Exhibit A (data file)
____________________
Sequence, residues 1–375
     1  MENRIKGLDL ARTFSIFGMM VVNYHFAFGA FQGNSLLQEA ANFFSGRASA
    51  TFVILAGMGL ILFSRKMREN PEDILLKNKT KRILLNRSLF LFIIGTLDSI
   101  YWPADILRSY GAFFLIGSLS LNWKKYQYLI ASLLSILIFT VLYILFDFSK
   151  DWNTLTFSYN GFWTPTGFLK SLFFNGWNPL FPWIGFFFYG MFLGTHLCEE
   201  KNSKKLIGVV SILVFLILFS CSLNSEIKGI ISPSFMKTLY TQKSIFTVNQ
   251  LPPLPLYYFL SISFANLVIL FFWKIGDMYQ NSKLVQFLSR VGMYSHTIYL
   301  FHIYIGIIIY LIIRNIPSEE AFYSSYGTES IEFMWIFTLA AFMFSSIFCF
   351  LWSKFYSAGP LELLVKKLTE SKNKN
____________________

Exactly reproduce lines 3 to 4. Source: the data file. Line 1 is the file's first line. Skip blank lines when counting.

    51  TFVILAGMGL ILFSRKMREN PEDILLKNKT KRILLNRSLF LFIIGTLDSI
   101  YWPADILRSY GAFFLIGSLS LNWKKYQYLI ASLLSILIFT VLYILFDFSK